Carlo McCormick rounds up the latest volumes on skateboard graphics, street art, street style, and more
The coffee-table books that work well as statements of identity in the home and office are absurdly heavy to travel with and just don’t look right on the beach, by the swimming hole, or in the benign chaos of the summer rental. Here, then, are some more appropriate picks, lighter in weight and substance, fresh as the ocean spray in your face or the smell of your neighbor’s newly cut lawn, and well, fun, as summer is supposed to be.Agents Provocateurs: The 100 Most Subversive Skateboard Graphics of All Time
By Seb Carayol
AMAZON POWELLS INDIEBOUND
Tracking the skateboard graphics of the ’90s, after the collapse of the skateboard industry in the ’80s sent the movement back underground into the youth culture realm of DIY, Agents Provocateurs compiles some of the rudest eye-popping visual assaults of this silver age when gnarly and rad turned into something far more subversive. It’s irreverent, politically incorrect in ways that can make you flinch, and funny enough to make most parents deeply concerned. If you never looked under a kid’s board in this era, we can promise you that you’ve never seen anything like this.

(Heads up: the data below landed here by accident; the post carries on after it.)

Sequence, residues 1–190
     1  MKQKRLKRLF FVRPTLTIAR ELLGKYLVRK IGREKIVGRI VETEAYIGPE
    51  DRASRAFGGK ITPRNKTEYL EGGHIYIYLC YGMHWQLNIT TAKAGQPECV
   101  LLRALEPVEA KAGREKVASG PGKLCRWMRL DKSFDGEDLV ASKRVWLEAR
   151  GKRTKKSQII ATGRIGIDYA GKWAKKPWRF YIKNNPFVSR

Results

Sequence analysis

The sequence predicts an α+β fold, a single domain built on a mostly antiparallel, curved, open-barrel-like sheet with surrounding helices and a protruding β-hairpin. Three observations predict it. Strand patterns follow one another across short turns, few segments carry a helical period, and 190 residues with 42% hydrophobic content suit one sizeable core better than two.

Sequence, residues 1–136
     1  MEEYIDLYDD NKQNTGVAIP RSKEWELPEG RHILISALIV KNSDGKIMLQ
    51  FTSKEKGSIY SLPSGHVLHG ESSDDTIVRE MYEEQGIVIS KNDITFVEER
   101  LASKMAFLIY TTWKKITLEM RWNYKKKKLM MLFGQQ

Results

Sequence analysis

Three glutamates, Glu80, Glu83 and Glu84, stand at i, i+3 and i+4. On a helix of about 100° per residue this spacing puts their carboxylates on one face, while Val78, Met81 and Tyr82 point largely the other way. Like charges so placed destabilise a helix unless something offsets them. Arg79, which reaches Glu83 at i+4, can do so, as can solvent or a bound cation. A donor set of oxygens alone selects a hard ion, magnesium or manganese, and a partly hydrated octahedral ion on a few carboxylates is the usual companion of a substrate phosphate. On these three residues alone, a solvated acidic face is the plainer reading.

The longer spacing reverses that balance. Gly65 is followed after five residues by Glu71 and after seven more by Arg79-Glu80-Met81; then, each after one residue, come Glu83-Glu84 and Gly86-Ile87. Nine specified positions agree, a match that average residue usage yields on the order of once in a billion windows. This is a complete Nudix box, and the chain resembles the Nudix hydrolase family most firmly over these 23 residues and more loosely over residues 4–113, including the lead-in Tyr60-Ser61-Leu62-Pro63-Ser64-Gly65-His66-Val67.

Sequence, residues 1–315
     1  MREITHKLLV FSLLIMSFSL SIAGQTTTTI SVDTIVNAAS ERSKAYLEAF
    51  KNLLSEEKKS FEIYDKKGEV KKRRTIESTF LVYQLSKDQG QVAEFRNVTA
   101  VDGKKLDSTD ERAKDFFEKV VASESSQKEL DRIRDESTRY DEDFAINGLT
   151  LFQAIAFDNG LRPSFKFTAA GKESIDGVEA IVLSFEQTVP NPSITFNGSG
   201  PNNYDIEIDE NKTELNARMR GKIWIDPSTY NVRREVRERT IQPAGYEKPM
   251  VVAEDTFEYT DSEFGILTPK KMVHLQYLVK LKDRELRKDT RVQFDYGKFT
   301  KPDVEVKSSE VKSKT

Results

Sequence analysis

DON1 was a writer’s writer, profoundly influential as an early style master on the New York City transit system of the mid-’70s, but his legacy has been neglected in the history of graffiti art. Perhaps it was because he worked in Queens, which was hardly a hotbed for graffiti, or because his heyday was just before the first significant documentations of the movement came out. He was also a formidable photographer, taking some of the most artful and articulate pictures of this emerging medium, including his own work and the work of many others. A great historical catch and corrective, this volume will not only set the record straight on DON1’s importance, it will offer readers a taste of the wild flavor of New York City at its economic nadir.
By Bubi Canal
A book so sensational and full of unexpected delight that you probably should be eight or nine years old to truly appreciate it, Dreamtime is Spanish photographer Bubi Canal’s pictorial ode to the joyful magic of innocence and imagination. Combining fantastical costumes, whimsical gestures, and absurdist assemblage, Canal’s work is full of wonder, all about play, and contains some of the most endearingly optimistic images you’ll ever fall in love with.
Contribution by Sarah Lerfel and Ino Hidefumi Rizzoli